Steve Cardownie: Being provost isn’t a job, it’s a way of life

Pic Greg Macvean - 07/06/2017 - Volunteer Lily Cook who has won Volunteer of the Year award.  She is pictured ahead of the presentation at City Chambers with Edward Hibbert (a trustee at Volunteer Edinburgh, left) and Lord Provost Frank Ross (right)
Pic Greg Macvean - 07/06/2017 - Volunteer Lily Cook who has won Volunteer of the Year award. She is pictured ahead of the presentation at City Chambers with Edward Hibbert (a trustee at Volunteer Edinburgh, left) and Lord Provost Frank Ross (right)
Have your say

Having been an elected councillor in Edinburgh for 29 years from 1988 to 2017 and during that time being elected as Deputy to the Lord Provost on two occasions, it was clear to me that the work of the Lord Provost’s Office was not fully understood by many people both within and without the City Chambers.

I substituted for the Lord Provost on countless occasions when they were otherwise engaged and it was indeed a great honour to represent such a fantastic city as Edinburgh. Visitors from foreign parts from both the public and private sector were genuinely impressed by our historic city and its role in the “modern” world.

But although the Lord Provost plays an important part in Edinburgh’s civic society and is in demand to open and attend local and international events, there is much more to the role than that.

With the City of Edinburgh Council being in recess at the present time, I took the opportunity to catch up with Councillor Frank Ross, the newly elected Lord Provost, to ask him how his first few weeks in office had gone.

Frank was elected to the post on May 18 this year and quickly realised that being Edinburgh’s First Citizen was not so much a full-time job as a way of life.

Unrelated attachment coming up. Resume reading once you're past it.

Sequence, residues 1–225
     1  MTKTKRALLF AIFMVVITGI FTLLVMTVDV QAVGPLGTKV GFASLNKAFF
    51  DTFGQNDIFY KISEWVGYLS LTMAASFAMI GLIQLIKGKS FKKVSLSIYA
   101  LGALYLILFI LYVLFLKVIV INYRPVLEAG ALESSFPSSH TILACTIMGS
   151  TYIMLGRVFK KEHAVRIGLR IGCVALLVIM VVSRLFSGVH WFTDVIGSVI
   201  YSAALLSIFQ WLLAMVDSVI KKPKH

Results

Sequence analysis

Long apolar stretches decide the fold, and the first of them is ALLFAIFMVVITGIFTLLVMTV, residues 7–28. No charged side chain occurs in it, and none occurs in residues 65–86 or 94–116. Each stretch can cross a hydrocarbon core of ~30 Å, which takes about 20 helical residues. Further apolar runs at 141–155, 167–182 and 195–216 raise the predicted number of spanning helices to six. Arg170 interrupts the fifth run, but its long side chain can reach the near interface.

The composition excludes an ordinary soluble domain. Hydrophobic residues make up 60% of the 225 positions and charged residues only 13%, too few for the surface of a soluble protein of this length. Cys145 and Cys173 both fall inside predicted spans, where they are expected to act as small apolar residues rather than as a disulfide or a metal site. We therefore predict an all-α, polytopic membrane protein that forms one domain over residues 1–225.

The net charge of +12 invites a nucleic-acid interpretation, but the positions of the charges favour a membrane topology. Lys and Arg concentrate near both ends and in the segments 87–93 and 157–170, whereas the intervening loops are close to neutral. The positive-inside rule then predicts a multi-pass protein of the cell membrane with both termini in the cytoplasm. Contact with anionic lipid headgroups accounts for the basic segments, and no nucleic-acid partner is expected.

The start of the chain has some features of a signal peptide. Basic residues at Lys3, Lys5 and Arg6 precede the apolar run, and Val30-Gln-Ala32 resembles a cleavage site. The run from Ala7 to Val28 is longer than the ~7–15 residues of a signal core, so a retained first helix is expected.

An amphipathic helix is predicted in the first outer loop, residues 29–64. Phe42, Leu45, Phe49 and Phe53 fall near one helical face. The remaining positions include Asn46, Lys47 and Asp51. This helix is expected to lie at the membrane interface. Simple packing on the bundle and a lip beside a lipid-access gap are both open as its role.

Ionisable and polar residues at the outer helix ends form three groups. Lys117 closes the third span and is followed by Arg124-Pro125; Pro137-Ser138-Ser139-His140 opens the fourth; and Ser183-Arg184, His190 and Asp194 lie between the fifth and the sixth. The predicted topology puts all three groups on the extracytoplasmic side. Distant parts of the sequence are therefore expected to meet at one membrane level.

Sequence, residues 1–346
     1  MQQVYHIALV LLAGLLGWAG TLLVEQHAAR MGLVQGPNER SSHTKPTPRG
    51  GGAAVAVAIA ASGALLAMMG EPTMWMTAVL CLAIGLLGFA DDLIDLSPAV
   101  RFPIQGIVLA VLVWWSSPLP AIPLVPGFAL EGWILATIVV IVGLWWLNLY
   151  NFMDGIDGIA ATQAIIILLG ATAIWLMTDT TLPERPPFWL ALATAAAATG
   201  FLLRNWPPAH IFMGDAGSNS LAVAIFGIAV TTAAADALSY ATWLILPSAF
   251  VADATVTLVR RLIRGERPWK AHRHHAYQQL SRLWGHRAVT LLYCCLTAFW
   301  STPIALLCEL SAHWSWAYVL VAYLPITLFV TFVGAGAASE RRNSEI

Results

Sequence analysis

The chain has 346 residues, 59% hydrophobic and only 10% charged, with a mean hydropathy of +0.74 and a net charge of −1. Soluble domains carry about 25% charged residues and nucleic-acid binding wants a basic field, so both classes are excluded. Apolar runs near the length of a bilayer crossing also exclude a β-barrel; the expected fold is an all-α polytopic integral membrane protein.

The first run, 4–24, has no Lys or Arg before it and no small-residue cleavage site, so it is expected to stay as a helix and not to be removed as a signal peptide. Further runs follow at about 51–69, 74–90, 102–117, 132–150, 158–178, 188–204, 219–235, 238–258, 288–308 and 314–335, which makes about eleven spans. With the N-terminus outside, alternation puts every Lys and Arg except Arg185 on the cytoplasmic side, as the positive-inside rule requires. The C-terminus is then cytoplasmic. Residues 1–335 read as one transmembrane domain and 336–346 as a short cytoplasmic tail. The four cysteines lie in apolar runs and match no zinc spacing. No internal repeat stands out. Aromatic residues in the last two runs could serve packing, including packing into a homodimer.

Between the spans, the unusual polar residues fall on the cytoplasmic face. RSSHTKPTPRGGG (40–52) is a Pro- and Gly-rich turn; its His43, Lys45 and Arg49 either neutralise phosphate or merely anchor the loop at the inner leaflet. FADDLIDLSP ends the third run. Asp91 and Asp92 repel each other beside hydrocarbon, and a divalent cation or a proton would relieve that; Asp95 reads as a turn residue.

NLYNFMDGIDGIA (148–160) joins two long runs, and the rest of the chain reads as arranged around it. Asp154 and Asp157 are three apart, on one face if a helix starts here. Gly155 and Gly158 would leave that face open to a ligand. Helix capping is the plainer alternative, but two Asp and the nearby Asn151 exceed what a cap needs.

The Lord Provost holds positions such as Trustee, Patron and Honorary President of 98 separate organisations, ranging from The Balerno Village Trust to The Royal Edinburgh Military Tattoo.

This is in addition to his Royal duties as Lord Lieutenant.

He hosts many visiting dignitaries to the City during any given year, but particularly during our world-renowned festivals.

In the last seven weeks, he has met a significant number of ambassadors, consuls and consul generals spanning the globe and has received 18 offers to visit from 12 different countries, including the USA, Armenia, China and Japan.

Any foreign engagement has to have the approval of the council, which would want to see what benefits the city might receive from such visits, with particular attention being paid to the city’s ongoing economic strategy of attracting inward 
investment, a key element of which is job creation.

Frank was also honoured to be elected Veterans Champion, which he says will give him “the opportunity to push the core for those brave men and women who have fought for our country and for those relatives whose partners made the ultimate sacrifice”.

And he has also taken on the responsibility “for delivering the 2050 Vision Project which aims to capture the aspirations of the many stakeholders in the city, not least today’s youth and mould it into a series of strategies which will deliver a capital city where homelessness and poverty are a thing of the past”.

He has no charitable event participation lined up yet but has managed to get the Winter Festival to contribute 50p for every torch sold for the torchlight procession to the One City Trust, which should amount to £10,000 per year.

And as well as chairing the Full Council Meeting which takes place every month (apart from recess), Frank is still a ward councillor available to his local constituents.

All told, it has been a busy few weeks for the Lord Provost and does not promise to get any less so in the future, but given the role is not confined to civic duties but is a vital component in the overall administration of the city, it is crucial the Lord Provost has the skill set to move it forward for the benefit of our citizens.

Car boot sales now seem like a gem of an idea

Never having been attracted to car-boot sales, I may have to have a rethink. A diamond ring bought for just £10 at one such sale was recently sold for £656,750 at auction.

The 26.27 carat diamond is thought to have been cut in the 19th century, but its history is not known.

Sunday morning trips to the Omni Centre car-park are now on the agenda…

May we all survive Boris

Many are predicting that Theresa May’s days as Prime Minister are numbered and potential candidates for the post are jockeying for position.

One leading contender is Boris Johnson and he is making life difficult for would-be candidates for the post.

If he is successful and is elected to the position that he covets so much, it is a scary thought that he and Donald Trump, his counterpart “across the pond”, will have such an influence on world events.